By Gary Every
Special to the Nugget
I park my automobile at the big bend in Cody Loop Road. I open and close the cattle gate which marks the national forest boundary. I begin marching along the dirt road with a specific destination in mind – I am heading towards an illegal monument.
The trees are filled with avian chatter; cackling blue jays and others. There is one bird in particular that just won’t shut up. Suddenly I spy a burst of red wings – a cardinal; one of the noisiest birds of the forest. When I turn from the main road and take the side road it gains elevation quickly, trudging straight up the side of a hill. I lose my breath.
All that huffing and puffing frightens a deer from the underbrush. Other hikes have revealed javelinas, bobcats, and foxes. The road continues to climb, not as steep but still gaining in elevation. My pulse quickens from the exertion as the road winds back and forth across the rugged Arizona mountain slopes.
The place I am headed to is not quite at the end of the road. The road dead ends at an old mine but that is not where the illegal monument is located. This monument, placed on government lands without government permission is hidden off to the side, in a little clump of bushes. If you didn’t know to look for it you might never see it. In the bushes is a small monument; maybe three feet tall adorned only with a brass plaque and hand engraved letters.
The plaque reads:
August 15, 1966
His life ended on this mountain. He could not bear to see his home destroyed. His faith in fellow man and all the things that his flag so proudly flown stood for by order of government personnel. His motto could well have been Live and Let Live and his life the Golden Rule. All found him loyal, generous, industrious, and self reliant. May his soul find tranquillity in another place as beautiful as this Francis Mountain
The letters are not neatly stamped but one gets the feeling that the sentiments are genuine. The plaque is right about one thing – this is a beautiful place. It is a great place to go for sunsets when the Galiluro Mountains take on a crimson glow. From this peak I can see the San Manuel smelter and the bright colored rock of the Tiger Mine. Earl Francis had been a miner, worked the claims on the hill near the plaque. The federal government ruled that his mining claim was valid but it was illegal for him to reside here on forest service lands. On August 15, 1966, Earl Francis strapped dynamite beneath his trailer and blew himself and his trailer to kingdom come before the government could haul either one away.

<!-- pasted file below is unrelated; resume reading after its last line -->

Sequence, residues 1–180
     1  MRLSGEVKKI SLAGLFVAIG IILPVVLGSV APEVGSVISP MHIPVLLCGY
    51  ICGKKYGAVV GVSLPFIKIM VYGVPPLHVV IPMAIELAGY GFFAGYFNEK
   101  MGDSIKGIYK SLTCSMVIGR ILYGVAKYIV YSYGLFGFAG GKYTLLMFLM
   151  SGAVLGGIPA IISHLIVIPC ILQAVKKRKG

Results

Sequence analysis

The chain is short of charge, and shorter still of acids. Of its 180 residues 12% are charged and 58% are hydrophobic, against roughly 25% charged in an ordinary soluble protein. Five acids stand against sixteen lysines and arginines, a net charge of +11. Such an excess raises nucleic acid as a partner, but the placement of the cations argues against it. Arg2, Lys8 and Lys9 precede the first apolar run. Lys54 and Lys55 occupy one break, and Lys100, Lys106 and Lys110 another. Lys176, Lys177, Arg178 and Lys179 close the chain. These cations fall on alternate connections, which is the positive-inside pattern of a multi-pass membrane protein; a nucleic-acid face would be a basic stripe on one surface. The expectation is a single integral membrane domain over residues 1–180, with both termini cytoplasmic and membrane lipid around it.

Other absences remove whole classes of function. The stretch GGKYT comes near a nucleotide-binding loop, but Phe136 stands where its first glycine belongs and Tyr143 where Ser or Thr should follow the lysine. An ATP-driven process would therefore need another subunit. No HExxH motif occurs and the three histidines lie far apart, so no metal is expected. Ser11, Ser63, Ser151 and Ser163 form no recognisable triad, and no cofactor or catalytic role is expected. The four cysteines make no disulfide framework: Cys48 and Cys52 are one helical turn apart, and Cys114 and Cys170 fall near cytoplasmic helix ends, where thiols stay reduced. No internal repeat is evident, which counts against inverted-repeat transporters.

I pause to take a deep breath of mountain air. I light my pipe and take a puff of illicit freedom. There is something defiant about the Francis Mountain Monument. It reminds me of the monument just outside of Skeleton Canyon. That monument announces in proud bureaucratese that the surrender of Geronimo to General Crook at this spot, once upon a time, forever ended all forms of rebellion and resistance here in the great state of Arizona. The last time I visited the Skeleton Canyon Monument someone scrawled graffiti in a felt pen in response. “BULL****!” the graffiti proclaimed in a statement that was concise and an act of rebellion and resistance at the same time. The memory makes me smile.
I take another deep breath of fresh mountain air; another puff of illicit freedom, and pat the Francis Mountain Monument for good luck before I head back down the trail; racing the forces of darkness. I hike down whistling “Yankee Doodle” and feeling inspired to commit acts of mischievous virtue and random kindness. Whirled Peas.